Analysis-Same dire problems, new chief: Can Argentina solve economy riddle?

A one thousand Argentine pesos bill is shown inside a store, in Buenos Aires
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By Lucila Sigal

BUENOS AIRES (Reuters) - Argentina's incoming economy chief, the crisis-racked country's third in a less than a month, may be its last best chance to right a sinking ship, or at least avoid further deterioration ahead of a high-stakes election next year.

A Thursday cabinet reshuffle engineered by President Alberto Fernandez followed days of frenzied rumors over whether Silvina Batakis, named minister just a month ago after the shock resignation of longtime economy steward Martin Guzman, could survive.

The job of tackling growing unrest in South America's second-biggest economy after Brazil now falls to Sergio Massa, a congressional leader for the ruling Peronist coalition, who will oversee economic, as well as industrial and agricultural policy beginning next week.

"It seems like their last chance," said political analyst Andres Malamud, referring to government officials' so far unsuccessful efforts to reign in sky-high inflation, over-spending and a plunging peso currency.

Malamud described recruiting Massa for the expanded role as "more like a desperate bet than a reasoned one," adding that cutting a widening fiscal deficit and rebuilding confidence must be top priorities.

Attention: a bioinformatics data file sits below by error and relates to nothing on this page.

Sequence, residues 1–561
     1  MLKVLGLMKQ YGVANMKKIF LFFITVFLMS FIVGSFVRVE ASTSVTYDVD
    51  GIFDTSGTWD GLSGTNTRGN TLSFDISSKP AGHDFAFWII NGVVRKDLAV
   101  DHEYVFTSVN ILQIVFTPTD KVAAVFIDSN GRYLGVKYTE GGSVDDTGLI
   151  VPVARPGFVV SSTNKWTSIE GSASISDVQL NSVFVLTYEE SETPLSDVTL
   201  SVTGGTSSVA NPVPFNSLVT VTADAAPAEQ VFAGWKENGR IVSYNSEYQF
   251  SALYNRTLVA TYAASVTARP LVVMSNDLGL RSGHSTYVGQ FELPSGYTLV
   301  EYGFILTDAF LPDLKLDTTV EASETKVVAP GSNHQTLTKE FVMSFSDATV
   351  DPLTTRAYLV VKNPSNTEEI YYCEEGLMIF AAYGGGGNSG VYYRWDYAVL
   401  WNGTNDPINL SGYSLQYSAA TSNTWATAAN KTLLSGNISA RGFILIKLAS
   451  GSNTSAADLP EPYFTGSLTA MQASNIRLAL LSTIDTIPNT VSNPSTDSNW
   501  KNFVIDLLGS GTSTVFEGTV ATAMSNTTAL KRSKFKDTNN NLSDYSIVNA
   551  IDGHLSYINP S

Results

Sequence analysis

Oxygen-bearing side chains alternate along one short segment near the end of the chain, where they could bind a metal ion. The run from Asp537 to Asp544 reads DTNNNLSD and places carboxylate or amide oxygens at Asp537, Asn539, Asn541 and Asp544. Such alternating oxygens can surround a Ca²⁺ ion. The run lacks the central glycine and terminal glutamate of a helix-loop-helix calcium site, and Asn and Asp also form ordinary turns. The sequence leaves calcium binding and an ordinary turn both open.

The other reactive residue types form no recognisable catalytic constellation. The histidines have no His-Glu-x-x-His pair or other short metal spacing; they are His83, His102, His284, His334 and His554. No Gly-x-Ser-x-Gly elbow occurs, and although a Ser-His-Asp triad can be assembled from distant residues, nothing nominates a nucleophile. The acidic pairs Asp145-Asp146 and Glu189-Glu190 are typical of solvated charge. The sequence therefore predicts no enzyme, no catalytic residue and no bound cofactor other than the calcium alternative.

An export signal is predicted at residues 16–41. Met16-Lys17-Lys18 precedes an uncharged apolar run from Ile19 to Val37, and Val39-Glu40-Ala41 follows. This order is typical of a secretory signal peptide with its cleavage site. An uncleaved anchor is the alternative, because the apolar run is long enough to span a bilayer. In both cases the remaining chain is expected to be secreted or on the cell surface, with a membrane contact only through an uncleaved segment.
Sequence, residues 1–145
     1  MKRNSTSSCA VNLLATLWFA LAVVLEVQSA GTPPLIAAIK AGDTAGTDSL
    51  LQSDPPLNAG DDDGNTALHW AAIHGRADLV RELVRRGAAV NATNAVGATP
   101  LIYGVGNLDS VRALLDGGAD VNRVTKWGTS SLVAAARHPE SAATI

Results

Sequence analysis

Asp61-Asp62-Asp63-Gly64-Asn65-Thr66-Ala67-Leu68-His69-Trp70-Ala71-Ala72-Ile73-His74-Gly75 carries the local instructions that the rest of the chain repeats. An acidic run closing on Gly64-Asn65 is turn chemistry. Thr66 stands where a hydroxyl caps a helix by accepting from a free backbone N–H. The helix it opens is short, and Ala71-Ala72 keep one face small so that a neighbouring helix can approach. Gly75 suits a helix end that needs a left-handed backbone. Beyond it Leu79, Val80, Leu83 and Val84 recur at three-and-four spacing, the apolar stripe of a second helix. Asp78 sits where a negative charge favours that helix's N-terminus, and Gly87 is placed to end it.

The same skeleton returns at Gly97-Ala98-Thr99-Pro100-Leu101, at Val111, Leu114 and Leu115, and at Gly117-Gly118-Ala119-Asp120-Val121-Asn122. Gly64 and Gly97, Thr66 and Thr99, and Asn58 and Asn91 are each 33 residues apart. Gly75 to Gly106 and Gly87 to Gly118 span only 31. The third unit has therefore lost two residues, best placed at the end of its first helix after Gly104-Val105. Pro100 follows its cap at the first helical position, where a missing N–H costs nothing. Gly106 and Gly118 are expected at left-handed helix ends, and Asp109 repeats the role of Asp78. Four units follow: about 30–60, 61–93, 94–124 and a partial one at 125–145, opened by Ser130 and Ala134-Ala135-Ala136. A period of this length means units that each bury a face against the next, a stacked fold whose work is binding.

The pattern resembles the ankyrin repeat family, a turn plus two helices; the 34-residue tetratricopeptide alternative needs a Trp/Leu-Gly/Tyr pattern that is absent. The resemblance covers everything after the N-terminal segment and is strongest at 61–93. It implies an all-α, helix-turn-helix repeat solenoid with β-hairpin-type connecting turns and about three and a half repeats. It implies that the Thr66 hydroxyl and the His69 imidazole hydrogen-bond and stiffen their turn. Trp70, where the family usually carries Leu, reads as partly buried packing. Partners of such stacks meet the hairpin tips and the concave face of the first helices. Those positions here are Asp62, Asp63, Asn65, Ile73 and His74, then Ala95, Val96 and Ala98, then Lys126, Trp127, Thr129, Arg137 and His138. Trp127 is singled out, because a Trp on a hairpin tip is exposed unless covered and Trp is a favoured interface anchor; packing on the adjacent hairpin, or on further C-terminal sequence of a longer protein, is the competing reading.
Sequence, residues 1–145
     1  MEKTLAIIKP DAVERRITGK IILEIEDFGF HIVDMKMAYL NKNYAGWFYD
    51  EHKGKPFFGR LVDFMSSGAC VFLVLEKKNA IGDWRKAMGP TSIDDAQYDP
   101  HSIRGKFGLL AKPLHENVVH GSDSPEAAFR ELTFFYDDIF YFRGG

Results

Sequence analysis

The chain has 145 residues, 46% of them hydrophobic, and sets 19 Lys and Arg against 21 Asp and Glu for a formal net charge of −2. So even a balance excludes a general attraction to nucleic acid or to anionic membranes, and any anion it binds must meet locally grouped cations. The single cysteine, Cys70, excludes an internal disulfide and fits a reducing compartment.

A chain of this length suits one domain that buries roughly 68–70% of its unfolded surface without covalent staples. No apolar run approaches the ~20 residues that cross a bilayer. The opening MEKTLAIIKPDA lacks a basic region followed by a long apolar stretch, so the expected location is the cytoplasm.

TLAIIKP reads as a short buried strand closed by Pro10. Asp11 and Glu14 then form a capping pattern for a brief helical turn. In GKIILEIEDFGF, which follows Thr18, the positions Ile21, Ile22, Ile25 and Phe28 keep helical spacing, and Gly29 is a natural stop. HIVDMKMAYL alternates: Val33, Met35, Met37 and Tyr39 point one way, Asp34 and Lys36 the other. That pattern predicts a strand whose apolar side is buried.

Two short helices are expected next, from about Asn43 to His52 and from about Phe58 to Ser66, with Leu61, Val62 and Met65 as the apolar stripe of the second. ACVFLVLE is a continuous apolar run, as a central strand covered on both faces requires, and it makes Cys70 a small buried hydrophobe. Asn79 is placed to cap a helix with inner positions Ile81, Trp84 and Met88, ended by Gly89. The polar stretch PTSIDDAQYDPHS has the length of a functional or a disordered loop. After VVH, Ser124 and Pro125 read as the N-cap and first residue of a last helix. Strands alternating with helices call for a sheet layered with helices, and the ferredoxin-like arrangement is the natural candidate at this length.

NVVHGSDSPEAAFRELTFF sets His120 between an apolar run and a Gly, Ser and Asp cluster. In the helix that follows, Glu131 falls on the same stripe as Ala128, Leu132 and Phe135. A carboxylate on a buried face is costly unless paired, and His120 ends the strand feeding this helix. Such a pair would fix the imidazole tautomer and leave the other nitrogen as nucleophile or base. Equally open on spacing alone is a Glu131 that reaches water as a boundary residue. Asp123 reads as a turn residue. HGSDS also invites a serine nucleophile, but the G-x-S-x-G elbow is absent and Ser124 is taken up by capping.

Massa told reporters on Friday that he will announce some new measures next week, though it remains unclear what they will be.

Fernandez's bitterly divided center-left coalition hopes Massa's arrival will calm financial markets. The initial response was positive on Friday, with the stock market clawing back some losses.

The government - and some observers - also hope he can help calm growing social unrest.

"It seems to me that Massa and his skills can contain the street protests a little better," political analyst Jorge Giaccobe said.

The country, especially the capital Buenos Aires, has seen near-constant protest marches calling for measures such as a universal basic income or just more aggressive action to contain surging consumer prices.

Giaccobe thinks more modest expectations should guide Massa.

"It's one thing to fix a problem, but another thing to not make things worse," he said, as the government eyes a tough 2023 re-election battle.

Batakis last week traveled to Washington to assure nervous finance officials including leaders of the International Monetary Fund (IMF) that the government remains committed to its $44 billion debt deal with the lender.

The president sought to bolster his new "superminister" in posts on social media on Friday, touting Massa's "vision, capacity and experience."

But political needs may ultimately complicate Massa's ability to strike the right balance since any spending cuts, or other potentially painful fiscal medicine, could further damage a government that already finds itself backed into a corner.

"In Argentina, there are two types of balance: political and economic, what suits the ruling class versus economic logic," said economist Natalia Motyl.

"Everything depends on which side prevails."

(Reporting by Lucila Sigal; Additional reporting by Walter Bianchi and Hernan Nessi; Writing by Carolina Pulice; Editing by David Alire Garcia and Daniel Wallis)